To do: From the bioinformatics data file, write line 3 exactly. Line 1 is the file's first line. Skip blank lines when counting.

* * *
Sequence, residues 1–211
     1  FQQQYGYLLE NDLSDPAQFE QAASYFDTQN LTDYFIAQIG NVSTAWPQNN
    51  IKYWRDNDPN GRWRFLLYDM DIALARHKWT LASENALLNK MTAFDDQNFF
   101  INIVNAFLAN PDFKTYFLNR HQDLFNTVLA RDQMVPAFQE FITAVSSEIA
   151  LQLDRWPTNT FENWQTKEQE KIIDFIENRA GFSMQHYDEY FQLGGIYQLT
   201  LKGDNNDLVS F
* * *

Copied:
    51  IKYWRDNDPN GRWRFLLYDM DIALARHKWT LASENALLNK MTAFDDQNFF